Paul McCartney: McCartney I II III Box Set Album Review

Although spread over fifty years, there are striking commonalities between the McCartneys. Notably, that all three aren’t afraid or embracing of the less commercial aspects of music, even though, McCartney being McCartney, he can’t help but slip in a devilishly catchy melody occasionally. All three were written, performed and produced in their entirety by McCartney alone.

McCartney I was released in 1970, marking the end of The Beatles. Quite charming and alluring with its handcrafted and deceptively unfinished appearance, it was clearly a huge relief for McCartney to follow him wherever his adventurous artistic spirit took him. Reviled at the time for having contributed to the break-up of the Beatles, he has aged brilliantly.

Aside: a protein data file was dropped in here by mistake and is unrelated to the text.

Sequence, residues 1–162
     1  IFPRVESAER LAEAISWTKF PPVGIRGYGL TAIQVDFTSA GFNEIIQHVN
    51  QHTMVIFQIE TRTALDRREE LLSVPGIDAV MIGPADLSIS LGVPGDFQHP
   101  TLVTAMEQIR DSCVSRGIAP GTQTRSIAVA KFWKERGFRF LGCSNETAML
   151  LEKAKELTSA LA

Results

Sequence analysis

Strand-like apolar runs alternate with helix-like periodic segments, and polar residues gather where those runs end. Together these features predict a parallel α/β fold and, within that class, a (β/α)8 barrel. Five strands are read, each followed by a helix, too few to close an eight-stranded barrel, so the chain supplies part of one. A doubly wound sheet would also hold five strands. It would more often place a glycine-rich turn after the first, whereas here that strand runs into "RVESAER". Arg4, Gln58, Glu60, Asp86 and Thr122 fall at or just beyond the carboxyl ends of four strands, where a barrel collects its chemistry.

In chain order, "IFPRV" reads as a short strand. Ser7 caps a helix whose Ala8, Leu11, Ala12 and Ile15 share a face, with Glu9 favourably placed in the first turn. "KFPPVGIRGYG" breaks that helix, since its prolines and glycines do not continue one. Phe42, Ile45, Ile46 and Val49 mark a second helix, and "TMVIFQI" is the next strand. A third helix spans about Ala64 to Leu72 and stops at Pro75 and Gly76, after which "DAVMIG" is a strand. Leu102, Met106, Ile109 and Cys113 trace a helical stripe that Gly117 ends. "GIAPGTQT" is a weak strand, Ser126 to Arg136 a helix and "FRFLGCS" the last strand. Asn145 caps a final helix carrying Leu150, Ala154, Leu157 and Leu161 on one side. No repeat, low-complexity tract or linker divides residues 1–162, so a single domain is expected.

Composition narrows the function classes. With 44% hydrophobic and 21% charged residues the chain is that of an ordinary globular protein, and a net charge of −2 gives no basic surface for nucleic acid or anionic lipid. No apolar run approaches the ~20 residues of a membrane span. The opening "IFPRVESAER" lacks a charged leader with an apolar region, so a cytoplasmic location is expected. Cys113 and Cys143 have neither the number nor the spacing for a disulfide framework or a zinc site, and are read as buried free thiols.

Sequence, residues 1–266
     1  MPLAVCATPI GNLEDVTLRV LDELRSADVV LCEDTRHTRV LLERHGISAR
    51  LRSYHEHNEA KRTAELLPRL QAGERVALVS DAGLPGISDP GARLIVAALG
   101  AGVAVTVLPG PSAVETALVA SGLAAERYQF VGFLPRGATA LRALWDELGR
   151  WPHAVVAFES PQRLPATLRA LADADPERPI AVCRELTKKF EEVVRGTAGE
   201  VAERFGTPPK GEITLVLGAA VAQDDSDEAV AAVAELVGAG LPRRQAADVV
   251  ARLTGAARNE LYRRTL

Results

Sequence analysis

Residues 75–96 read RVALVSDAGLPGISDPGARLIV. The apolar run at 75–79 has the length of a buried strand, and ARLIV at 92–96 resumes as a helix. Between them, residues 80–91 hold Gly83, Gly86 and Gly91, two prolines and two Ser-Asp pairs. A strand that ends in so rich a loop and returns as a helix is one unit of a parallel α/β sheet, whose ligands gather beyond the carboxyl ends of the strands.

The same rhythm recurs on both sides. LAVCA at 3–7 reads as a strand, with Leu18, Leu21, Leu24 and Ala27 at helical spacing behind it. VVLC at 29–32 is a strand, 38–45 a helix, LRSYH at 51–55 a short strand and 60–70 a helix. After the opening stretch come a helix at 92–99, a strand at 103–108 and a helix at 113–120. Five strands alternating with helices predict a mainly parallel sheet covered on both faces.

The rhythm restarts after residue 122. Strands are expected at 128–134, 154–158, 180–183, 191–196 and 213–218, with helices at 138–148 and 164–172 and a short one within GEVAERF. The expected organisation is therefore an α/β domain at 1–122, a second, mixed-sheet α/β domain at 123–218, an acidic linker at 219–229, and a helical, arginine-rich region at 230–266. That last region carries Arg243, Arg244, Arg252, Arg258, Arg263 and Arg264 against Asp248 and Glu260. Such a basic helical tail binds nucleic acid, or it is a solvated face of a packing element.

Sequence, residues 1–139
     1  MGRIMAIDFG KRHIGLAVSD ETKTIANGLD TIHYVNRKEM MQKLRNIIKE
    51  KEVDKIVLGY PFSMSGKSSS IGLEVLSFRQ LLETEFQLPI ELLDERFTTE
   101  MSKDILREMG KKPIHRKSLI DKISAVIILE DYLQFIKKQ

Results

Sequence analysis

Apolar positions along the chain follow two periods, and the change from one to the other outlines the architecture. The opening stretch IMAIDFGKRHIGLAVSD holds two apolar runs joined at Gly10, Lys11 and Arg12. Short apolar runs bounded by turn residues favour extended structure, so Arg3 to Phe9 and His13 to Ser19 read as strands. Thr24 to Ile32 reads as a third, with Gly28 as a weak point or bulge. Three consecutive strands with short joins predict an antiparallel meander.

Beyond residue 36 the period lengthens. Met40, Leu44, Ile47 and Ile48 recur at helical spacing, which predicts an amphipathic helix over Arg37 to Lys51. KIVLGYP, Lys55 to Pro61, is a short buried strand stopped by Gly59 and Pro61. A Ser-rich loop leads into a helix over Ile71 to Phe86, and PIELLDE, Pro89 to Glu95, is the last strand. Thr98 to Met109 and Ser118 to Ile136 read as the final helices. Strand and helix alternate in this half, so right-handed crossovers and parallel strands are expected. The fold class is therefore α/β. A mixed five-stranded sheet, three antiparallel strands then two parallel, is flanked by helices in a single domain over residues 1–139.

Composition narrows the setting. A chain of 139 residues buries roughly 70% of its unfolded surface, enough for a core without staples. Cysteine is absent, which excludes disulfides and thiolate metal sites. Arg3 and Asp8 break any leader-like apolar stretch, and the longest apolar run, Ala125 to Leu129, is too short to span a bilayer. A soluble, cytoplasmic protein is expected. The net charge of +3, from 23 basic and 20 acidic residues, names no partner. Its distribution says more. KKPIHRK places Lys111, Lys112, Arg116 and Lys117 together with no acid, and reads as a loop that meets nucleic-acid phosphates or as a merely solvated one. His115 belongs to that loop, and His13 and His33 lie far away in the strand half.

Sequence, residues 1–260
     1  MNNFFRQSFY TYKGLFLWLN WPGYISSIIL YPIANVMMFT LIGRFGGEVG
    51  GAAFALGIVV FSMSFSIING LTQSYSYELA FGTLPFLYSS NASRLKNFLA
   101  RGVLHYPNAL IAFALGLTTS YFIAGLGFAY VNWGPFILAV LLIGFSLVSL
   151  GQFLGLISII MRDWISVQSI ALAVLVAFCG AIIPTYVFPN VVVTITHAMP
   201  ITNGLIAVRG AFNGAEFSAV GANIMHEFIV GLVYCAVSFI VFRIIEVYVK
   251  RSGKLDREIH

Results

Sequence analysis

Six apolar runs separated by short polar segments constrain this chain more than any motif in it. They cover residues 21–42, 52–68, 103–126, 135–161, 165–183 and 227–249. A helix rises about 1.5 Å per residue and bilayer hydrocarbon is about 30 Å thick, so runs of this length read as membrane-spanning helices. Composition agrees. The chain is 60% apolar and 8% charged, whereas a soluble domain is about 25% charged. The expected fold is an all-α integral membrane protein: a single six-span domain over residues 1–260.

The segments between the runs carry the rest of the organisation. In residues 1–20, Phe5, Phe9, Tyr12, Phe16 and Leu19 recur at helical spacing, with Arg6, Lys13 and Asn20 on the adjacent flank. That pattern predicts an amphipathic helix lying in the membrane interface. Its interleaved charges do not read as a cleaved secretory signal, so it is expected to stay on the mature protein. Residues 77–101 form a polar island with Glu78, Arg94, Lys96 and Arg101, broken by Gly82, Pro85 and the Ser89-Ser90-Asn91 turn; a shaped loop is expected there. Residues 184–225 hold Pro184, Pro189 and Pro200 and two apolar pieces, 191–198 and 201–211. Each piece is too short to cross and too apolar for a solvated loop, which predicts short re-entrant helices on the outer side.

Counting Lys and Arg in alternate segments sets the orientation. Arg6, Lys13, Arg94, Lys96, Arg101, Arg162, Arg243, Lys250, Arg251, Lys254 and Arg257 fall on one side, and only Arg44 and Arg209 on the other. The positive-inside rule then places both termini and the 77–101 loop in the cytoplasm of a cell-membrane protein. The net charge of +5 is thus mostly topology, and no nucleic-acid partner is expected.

McCartney II came at the end of Wings’ career in 1980. It feels experimental and of its time – songs like (the dubious title) frozen japan and Coming embraced the new wave, especially synthesizers and electronics. Again criticized at the time, it also attained cult status, thanks in particular to “goofy electropop” (NME) of the single Marmite 12 inches temporary secretary.

McCartney III came out in 2020 – two years later Egypt StationMcCartney’s first No. 1 album in the United States in four decades – and again feels like a change of pace, with songs like Long-tailed winter bird and Seize the day sounding more like the lo-fi pastoral imaginings of his debut solo album than any of his music from the past few decades. This time it was very well received, and rightly so.